A Prescription For Healthier Eating
CT Program designed to help underserved communities.
The obesity epidemic in the U.S. has left the medical community perplexed about how to get people to change their eating habits. Government is opting for public policy alterations like healthier school lunches. New York City has a new ban on selling large sodas or sugary beverages at restaurants and sports events.
But a Connecticut-based group is trying another way – literally giving people prescriptions for fruits and vegetables. And it seems to be working.
YG: "3, 4, 5 ,6, 7 ,8 ,9. Thank you very much. Have a great day."
Yesika Gonzalez is buying produce at the farmers’ market in the Fair Haven section of New Haven. What she’s counting are turquoise colored wooden tokens with the initials FVRX. They stand for the Fruit and Vegetable Prescription Program.
It’s the brainchild of Bridgeport-based Wholesome Wave, started by Connecticut chef Michel Nischan, who many people know best for his Westport restaurant collaboration with the late actor Paul Newman. Wholesome Wave’s programs are designed to help underserved communities nationwide get access to affordable locally grown, healthy food.
FVRX is in its second year of pilot programs, and its first year in Connecticut.
Nischan says it brings together healthcare professionals and farmers markets to help overweight or obese children or pregnant women who often can’t afford pricier fruits and vegetables by giving them a prescription for produce and money to buy it - a dollar a day per family member.
Nischan: "I have two children with diabetes so I understand you can’t just change the diet of one person living in a family of seven or two people living in a family of seven if they have a condition that relies on a lifestyle change. It’s only going to be successful if the whole family participates."
For Gonzalez, it means $28 a week for her and her three children, even though her 11-year old son Ian is the patient. The whole family attends monthly appointments at the Fair Haven Community Health Center where a clinician checks his body mass index and teaches the family about exercise and diet, including how to prepare more healthful meals than the foods they’re used to eating.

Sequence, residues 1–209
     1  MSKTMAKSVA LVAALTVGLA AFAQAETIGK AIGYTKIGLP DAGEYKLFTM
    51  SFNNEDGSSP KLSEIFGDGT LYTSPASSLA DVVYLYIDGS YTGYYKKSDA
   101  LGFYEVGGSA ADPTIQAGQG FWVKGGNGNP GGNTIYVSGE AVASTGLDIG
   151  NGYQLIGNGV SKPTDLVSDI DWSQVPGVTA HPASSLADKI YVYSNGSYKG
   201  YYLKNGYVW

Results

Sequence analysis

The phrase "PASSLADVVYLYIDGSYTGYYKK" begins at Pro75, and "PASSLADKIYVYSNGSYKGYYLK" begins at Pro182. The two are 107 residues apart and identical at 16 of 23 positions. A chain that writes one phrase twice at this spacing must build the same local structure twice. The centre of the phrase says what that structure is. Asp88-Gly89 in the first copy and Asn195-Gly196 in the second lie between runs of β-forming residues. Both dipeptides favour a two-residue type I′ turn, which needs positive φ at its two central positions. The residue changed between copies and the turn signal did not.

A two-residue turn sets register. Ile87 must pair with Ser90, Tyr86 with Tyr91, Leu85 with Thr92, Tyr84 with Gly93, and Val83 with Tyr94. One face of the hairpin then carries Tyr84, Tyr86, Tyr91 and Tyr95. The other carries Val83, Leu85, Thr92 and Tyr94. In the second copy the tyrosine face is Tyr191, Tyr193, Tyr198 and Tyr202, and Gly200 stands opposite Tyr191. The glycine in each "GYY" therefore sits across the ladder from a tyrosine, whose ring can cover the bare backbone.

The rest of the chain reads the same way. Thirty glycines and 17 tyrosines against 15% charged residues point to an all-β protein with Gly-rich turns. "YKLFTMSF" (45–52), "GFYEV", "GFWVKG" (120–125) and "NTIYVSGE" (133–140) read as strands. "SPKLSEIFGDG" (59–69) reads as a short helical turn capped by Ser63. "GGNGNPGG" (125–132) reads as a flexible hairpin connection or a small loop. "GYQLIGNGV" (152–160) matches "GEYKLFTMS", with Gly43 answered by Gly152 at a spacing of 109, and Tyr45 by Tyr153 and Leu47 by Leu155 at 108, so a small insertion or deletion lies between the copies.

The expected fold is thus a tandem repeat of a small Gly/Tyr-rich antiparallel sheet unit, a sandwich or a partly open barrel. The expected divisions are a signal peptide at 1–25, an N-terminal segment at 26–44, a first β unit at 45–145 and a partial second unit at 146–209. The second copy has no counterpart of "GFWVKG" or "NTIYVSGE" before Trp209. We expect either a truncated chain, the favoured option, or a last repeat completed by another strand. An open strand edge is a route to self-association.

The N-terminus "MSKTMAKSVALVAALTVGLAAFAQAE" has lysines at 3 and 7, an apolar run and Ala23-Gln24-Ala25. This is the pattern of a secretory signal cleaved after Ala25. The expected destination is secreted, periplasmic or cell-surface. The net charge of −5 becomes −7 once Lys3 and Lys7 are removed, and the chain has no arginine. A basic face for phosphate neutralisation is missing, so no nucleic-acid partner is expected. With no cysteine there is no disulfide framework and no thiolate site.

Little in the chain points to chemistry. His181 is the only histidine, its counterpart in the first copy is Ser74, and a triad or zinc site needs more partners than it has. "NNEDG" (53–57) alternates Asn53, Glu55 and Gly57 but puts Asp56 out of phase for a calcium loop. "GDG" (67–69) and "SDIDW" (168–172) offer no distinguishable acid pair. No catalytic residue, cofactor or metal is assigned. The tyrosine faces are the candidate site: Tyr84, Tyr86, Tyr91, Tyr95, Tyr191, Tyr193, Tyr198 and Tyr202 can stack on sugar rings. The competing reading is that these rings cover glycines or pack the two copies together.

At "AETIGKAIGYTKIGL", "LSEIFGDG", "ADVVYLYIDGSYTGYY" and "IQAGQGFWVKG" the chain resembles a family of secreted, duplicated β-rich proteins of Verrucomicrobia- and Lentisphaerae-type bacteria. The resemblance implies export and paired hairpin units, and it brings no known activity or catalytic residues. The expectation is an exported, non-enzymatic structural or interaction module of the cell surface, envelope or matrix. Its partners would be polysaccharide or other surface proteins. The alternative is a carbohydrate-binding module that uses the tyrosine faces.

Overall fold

Gonzalez sighs: "Junk food!"
JES: "What kind of food do you make now?"
Gonzalez: "Grilled chicken with some vegetables and some salad."
Gonzalez and other mothers using FVRX say so far their children haven’t lost weight, but they haven’t gained any either. While the New Haven outcomes haven’t been tallied yet, Nischan says Wholesome Wave does have data from its first year programs in Maine, Massachusetts, Rhode Island and California.
Nischan: "We’re very happy to report that 38% of all participants lost BMI in a population that 100% were expected to gain BMI. In a 4-month intervention, that’s near historic."
JES: "How effective could it be if you didn’t have that initial financial incentive?"
Nischan: "I don’t think it can."
But Nischan likes to remind people that FVRX is a prescription and like most prescriptions, is temporary until the problem is solved.
Another concern is that just running the program during farmers’ market season is too short. Elizabeth Magenheimer is the family nurse practitioner who works with the more than 30 FVRX families in New Haven. And while she calls the program brilliant...
Magenheimer: "I get the point that tit’s not a dole out forever, but if we think about it in relationship to those diseases which will be costing us a fortune with blindness, dialysis heart attack, stroke, then I think 3 months - thank you very much, it’s wonderful, but we’re going to beg for some more."
Magenheimer says the health center is trying to find funding so outreach can continue through the winter. Yesika Gonzalez says even without the prescription and money, she’ll keep at it.
JES: "This program ends in a couple of weeks, what are you going to do for the winter?"
Gonzalez: "Still buying fruit & vegetables. We need it."
For WNPR, I’m Jan Ellen Spiegel.